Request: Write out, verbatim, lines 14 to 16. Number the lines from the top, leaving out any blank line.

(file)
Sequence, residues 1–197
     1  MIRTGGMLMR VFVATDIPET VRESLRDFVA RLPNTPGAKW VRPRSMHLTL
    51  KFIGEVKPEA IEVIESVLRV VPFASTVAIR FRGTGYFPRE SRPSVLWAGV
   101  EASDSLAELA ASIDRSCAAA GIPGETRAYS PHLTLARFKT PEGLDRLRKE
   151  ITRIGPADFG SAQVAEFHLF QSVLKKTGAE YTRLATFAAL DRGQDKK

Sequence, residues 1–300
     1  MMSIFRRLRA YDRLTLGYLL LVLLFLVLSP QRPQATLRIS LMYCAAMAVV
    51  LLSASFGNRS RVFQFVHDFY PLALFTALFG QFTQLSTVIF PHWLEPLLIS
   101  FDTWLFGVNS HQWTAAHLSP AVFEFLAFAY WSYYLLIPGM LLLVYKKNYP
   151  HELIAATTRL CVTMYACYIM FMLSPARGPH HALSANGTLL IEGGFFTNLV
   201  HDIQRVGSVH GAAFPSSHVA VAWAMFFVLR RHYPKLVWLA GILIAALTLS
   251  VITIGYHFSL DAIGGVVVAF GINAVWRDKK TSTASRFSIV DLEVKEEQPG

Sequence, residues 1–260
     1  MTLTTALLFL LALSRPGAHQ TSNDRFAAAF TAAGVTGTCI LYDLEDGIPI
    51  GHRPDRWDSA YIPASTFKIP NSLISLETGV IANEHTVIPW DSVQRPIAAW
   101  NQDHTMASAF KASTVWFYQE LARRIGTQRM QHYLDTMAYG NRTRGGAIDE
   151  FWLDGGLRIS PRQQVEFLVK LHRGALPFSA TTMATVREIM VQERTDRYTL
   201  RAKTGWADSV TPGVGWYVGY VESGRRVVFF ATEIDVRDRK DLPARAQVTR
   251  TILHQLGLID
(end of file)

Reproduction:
     1  MTLTTALLFL LALSRPGAHQ TSNDRFAAAF TAAGVTGTCI LYDLEDGIPI
    51  GHRPDRWDSA YIPASTFKIP NSLISLETGV IANEHTVIPW DSVQRPIAAW
   101  NQDHTMASAF KASTVWFYQE LARRIGTQRM QHYLDTMAYG NRTRGGAIDE